I am sick of being sick. I hate this disease. It is killing me and there is not a darn thing I can do about it. It takes a bite out of me every day. Just a little piece, but enough to make me notice. Every day. No exceptions. It is hard to deal with, let me tell you.
I run into people who know me every time I leave either of my homes. They all ask the same question and make the same comment: “How are you doing? and You look really good!” This gets to be irritating, even though I know they mean well. Try answering that about five times a day…with a smile and patience. I usually say dismissively “I am fine, thank you.” And go on my way. I have learned that people do not really want to know how you are doing. There are a few exceptions, but very few. So it is best to move on as quickly as possible on friendly terms.
The truth is hard to deal with. I rarely go out to eat with friends any more. I miss my friends, but it is not worth it. When invited, I usually say “I would be bad company today, maybe another time.” And that ends it. Few people call any more and that is OK, because I am bad company. For them and me.
More than once I have been eating lunch with someone, when Death walks in the door and sits down in the empty chair next to me. It is not anything either of us can see, but that little voice is there, saying “It won’t be long.” It is just a frequent reminder that I am not going to beat this thing. It is like a sniper patiently waiting to pick me off. Death stalks me just out of range, planning the surgical shot, waiting for weakness to show, finger taking up the slack on the trigger.
I will be riding my motorcycle, working in the shop, swimming laps or sailing and that little voice worms into my concentration hissing that my death will not be pretty. A bedridden slide into eternity, hopefully overseen by a few family and friends. Relatively quick, I hope. Maybe three days says my oncologist, if I am lucky. Until then, I try to stay vertical another day.
I am tired of the pain, which grows steadily worse. But what can I do about it? There are choices. I could take more of the morphine-based painkiller. But it does not kill the pain. It just dulls it. The drug can make it bearable and even almost imperceptible, if I am occupied doing something else.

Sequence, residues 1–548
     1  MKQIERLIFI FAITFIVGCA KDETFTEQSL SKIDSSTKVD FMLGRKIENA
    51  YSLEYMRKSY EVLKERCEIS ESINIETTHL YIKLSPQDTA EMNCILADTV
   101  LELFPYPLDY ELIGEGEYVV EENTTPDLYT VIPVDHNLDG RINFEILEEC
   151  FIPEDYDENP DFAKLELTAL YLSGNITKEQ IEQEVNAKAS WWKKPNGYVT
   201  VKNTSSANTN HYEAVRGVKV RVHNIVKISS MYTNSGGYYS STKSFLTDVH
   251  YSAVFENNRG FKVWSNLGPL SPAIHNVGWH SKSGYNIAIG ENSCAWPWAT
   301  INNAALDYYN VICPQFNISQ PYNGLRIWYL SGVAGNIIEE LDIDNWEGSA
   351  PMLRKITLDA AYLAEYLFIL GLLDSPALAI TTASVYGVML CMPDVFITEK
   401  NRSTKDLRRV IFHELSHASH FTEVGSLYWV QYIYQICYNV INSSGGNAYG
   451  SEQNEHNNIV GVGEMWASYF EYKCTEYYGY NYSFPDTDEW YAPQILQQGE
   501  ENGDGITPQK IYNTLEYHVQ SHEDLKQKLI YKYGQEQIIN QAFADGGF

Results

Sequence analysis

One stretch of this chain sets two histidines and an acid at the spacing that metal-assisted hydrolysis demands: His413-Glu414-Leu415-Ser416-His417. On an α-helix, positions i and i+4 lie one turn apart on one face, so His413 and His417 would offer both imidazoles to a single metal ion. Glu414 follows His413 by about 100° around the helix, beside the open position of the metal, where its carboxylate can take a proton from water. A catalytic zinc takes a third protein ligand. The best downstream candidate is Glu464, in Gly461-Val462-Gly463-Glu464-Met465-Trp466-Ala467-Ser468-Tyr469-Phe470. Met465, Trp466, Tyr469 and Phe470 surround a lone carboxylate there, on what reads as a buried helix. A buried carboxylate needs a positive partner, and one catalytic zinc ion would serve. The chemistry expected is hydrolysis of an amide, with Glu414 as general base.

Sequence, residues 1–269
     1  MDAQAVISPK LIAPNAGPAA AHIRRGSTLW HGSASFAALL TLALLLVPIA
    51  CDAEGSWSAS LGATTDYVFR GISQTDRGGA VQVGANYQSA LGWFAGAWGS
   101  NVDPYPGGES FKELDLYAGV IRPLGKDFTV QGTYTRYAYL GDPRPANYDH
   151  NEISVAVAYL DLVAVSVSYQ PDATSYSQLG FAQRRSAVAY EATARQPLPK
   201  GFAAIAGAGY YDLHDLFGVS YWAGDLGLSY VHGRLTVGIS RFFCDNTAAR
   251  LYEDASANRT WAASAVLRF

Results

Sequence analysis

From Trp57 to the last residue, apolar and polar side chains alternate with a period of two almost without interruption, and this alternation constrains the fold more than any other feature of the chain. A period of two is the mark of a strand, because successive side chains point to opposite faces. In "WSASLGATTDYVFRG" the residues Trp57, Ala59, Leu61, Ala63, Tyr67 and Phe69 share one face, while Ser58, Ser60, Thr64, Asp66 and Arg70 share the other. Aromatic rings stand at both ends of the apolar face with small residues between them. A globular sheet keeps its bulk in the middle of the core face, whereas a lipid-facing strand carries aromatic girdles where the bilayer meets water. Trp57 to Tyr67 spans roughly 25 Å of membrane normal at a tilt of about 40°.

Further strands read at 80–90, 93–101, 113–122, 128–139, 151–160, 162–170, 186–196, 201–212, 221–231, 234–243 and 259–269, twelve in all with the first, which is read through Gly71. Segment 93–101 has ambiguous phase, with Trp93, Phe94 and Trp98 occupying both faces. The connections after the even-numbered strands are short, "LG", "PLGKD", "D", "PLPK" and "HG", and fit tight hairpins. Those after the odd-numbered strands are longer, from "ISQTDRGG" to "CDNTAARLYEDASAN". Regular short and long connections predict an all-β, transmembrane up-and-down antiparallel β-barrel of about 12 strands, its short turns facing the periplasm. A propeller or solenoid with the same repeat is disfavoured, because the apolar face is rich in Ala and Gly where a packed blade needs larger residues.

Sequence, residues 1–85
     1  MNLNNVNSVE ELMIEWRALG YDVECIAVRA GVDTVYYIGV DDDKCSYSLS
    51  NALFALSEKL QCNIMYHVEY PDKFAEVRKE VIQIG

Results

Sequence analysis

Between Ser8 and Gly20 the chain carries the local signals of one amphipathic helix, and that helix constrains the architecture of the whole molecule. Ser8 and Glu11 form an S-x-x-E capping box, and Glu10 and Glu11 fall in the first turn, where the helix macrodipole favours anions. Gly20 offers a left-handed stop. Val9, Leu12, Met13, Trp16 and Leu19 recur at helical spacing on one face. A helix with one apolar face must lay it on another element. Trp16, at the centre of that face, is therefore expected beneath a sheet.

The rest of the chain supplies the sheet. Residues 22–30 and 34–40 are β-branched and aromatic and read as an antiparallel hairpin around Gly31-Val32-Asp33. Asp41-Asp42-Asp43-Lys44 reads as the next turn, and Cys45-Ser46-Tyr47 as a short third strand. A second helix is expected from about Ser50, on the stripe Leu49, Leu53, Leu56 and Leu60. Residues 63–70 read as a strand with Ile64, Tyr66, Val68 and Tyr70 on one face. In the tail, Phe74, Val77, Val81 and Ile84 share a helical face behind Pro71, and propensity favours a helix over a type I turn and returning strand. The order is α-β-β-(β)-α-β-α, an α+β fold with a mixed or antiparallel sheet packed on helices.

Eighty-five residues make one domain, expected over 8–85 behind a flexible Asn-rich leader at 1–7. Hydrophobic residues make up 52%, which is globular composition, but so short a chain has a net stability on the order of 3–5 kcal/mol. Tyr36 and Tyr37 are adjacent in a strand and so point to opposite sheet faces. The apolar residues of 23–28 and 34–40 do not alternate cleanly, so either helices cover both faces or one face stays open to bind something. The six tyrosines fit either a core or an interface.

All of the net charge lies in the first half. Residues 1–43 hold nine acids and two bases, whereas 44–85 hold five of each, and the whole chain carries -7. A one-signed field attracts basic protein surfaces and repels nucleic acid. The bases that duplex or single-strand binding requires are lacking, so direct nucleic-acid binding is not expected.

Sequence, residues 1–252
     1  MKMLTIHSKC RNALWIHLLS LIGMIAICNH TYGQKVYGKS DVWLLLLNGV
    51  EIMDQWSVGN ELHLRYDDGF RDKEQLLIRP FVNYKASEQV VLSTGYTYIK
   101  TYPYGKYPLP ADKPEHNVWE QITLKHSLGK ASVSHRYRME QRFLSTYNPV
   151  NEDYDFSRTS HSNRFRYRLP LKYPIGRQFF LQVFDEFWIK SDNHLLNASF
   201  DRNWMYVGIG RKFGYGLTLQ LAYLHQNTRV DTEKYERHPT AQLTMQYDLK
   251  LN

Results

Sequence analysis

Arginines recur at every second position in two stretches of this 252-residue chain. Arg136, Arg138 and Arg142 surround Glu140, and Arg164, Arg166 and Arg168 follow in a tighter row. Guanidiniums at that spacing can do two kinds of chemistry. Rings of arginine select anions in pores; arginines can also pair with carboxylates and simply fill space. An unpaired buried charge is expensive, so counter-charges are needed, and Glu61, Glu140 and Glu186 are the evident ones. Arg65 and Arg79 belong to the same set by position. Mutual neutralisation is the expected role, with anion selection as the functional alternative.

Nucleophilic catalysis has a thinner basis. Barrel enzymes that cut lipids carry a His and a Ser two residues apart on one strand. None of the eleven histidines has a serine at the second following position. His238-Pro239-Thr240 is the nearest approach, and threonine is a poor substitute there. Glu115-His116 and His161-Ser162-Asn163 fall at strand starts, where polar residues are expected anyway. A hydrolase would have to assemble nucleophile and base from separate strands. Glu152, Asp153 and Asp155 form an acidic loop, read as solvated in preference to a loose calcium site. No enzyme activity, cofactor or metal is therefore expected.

Strangely, if I can’t sleep at night, I usually go upstairs at about 2 am and play music on my guitars, because the pain goes away when I am playing. Figure that. However, if I take more painkiller, I am groggy and tired. I do not like that, because it takes away from my activities. Don’t take the pills and I hurt, which makes me cranky and difficult with people. Another reason to be alone most of the time.
Recently, I was swimming when I got really zinged. I had just rolled a turn when a knife-like, shrieking pain zipped up from the right side of my abdomen, stopping just under my lower right rib. It was enough to double me up. It happened again yesterday while I was riding my Ducati to Russiaville. It definitely got my attention. If that is what I am going to have to deal with as the end approaches, I am in trouble. Big trouble.
Sleeping is a problem. Pain keeps me awake, even while the drugs significantly reduce the pain to a dull ache. Sleeping is challenging because of the chemotherapy. My chemotherapy is in two parts, or it used to be. I used to go to the oncology center and get pumped full of poison, which supposedly kills the cancer. At the same time I take a powerful drug called Xeloda, which kills fast dividing cells without discriminating what kind of cells it is killing. Xeloda kills platelets which are made in your bone marrow. If too many platelets are killed, you run a danger of bleeding to death from a minor cut, so I am told. Like shaving or brushing your teeth. I am not kidding. No platelets and your blood will not coagulate. So when your platelet count gets too low, as mine has been nearly all summer, in addition to being dog-tired all the time, the infusions are terminated and I just take the Xeloda. This has the effect of theoretically letting the cancer grow. Damned if you do, damned if you don’t.
Apart from the constant foul taste in your mouth from the Xeloda, I have tremendous sweating at night. It has gotten to the point that I sleep on a large beach towel. If I do not, I will be awakened at 2 am because I am literally laying in a pool of odorless sweat that has turned the sheets into wet rags.
Lately, I have another towel on top so my covering sheet does not get soaked. Not a big deal you say? Tonight, take a cold shower and then get into bed without drying off and then pour another quart of water on yourself for good measure. Then try to sleep. No fun at all.